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All Things Considered

Can Europe Wean Itself Off Russian Gas?

Friday, March 21, 2014

Europe has been trying to reduce its energy dependence on Russia for years. The crisis in Crimea has given the effort a greater sense of urgency.

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All Things Considered

Awash In Cash, Drug Cartels Rely On Big Banks To Launder Profits

Thursday, March 20, 2014

Drug lords face a recurring problem: what to do with all that cash? Time and again, they have managed to launder their fortunes through some of the world's leading banks.

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Morning Edition

Hitching A Ride On The World's Biggest Cargo Ship

Thursday, March 13, 2014

Launched in August, the Maersk McKinney Moller is the first of a new class of megaships. It's 20 stories high and a quarter-mile long. NPR's Jackie Northam hopped on board in Poland.

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All Things Considered

Norway Takes The Lead In Electric Cars (With Generous Subsidies)

Tuesday, March 11, 2014

Next month Norway is expected to become the first country where 1 percent of the cars are electric. Most Norwegians are supportive, but it's taken large financial incentives to reach this level.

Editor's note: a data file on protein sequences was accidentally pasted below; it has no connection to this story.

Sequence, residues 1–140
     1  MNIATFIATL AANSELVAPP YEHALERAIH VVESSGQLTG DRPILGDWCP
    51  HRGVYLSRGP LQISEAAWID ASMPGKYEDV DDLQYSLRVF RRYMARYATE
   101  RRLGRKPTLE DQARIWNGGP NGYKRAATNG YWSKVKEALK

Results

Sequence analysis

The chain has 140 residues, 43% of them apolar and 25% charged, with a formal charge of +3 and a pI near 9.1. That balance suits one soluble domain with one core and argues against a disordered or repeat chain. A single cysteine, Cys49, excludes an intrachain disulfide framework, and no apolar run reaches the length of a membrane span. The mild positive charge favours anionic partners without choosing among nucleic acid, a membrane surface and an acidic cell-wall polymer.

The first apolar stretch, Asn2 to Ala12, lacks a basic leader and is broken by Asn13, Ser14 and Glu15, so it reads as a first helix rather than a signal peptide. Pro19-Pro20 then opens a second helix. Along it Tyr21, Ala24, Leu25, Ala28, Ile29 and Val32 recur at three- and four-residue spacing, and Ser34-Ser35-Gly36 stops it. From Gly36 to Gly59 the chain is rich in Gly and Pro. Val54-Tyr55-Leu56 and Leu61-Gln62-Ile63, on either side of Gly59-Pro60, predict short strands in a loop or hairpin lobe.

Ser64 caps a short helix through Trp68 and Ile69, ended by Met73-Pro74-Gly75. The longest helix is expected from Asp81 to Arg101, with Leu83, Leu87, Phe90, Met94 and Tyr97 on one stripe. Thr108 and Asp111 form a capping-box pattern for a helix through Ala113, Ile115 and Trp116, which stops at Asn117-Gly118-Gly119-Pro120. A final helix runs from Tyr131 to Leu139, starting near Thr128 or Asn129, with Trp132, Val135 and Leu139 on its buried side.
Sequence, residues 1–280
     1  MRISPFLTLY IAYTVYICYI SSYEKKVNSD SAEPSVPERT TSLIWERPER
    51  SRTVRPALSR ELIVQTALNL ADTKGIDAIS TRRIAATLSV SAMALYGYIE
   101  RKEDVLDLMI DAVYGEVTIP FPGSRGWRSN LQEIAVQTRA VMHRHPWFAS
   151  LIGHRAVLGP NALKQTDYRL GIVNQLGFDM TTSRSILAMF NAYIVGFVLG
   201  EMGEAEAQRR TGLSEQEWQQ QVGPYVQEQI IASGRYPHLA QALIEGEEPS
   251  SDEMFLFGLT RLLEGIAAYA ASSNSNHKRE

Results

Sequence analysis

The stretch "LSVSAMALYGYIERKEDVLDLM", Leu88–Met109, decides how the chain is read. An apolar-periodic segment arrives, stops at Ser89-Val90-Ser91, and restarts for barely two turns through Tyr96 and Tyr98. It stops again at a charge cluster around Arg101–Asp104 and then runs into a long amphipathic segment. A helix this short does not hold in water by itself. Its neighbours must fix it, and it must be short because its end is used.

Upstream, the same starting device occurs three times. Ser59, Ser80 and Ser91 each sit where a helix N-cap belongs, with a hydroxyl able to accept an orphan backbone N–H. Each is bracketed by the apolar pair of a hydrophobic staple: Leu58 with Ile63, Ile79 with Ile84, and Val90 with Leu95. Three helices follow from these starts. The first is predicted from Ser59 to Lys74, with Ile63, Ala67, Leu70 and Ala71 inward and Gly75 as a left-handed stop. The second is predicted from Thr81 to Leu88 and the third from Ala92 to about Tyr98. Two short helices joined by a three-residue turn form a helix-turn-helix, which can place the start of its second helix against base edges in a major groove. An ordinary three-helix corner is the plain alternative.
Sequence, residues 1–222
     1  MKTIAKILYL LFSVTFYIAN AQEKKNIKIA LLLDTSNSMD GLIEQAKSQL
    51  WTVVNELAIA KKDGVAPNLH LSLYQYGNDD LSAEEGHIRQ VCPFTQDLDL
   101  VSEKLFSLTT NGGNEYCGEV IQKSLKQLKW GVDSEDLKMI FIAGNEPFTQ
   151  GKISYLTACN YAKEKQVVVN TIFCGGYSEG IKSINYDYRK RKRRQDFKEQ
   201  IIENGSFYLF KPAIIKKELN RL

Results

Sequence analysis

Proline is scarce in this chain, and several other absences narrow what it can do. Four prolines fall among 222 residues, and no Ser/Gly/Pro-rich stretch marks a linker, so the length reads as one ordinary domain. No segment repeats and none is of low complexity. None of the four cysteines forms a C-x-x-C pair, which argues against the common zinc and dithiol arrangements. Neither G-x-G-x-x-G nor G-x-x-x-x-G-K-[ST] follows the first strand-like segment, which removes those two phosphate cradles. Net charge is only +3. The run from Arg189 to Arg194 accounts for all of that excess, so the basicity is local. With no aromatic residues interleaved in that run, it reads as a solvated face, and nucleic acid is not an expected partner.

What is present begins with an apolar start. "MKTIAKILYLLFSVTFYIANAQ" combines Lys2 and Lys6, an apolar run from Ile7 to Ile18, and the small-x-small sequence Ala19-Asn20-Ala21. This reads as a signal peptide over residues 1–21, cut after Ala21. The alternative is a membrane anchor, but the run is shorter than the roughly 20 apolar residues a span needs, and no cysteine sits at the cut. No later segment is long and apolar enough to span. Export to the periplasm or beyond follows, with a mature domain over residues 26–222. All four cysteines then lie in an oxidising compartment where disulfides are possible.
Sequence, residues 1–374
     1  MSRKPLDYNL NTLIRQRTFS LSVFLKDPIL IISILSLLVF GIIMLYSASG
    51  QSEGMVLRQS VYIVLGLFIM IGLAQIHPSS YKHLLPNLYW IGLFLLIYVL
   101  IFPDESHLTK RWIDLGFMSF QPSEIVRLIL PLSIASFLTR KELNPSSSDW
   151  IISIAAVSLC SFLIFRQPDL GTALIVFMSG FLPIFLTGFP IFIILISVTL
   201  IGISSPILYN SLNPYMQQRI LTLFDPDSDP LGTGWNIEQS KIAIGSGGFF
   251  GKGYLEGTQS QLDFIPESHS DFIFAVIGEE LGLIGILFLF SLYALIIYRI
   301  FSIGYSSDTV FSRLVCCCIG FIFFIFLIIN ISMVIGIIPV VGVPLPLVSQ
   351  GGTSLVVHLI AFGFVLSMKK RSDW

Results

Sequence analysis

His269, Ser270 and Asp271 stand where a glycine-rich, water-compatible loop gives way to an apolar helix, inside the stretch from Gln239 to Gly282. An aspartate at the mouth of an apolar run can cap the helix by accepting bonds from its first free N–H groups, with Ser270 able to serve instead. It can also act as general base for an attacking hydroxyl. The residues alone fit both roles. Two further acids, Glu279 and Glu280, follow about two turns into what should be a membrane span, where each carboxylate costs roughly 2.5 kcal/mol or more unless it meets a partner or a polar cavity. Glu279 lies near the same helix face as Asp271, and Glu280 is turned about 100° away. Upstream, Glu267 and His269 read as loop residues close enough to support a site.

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Morning Edition

Seeking Energy Independence, Europe Faces Heated Fracking Debate

Friday, March 07, 2014

To stay competitive, Europeans need cheaper natural gas but they also need to be less dependent upon Russia. They're looking at fracking as a solution, but opponents have environmental concerns.

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Sanctions On Russia: Why The Europeans May Say Nyet

Wednesday, March 05, 2014

The U.S. has threatened sanctions following Russia's actions in Crimea, but European countries have been more circumspect. Part of the reason: Europe's dependence on Russian money and energy.

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Ukraine: From Breadbasket To Basket Case

Tuesday, March 04, 2014

The international community is expected to pump billions into Ukraine in hopes of stabilizing a country with a record of economic instability and widespread corruption.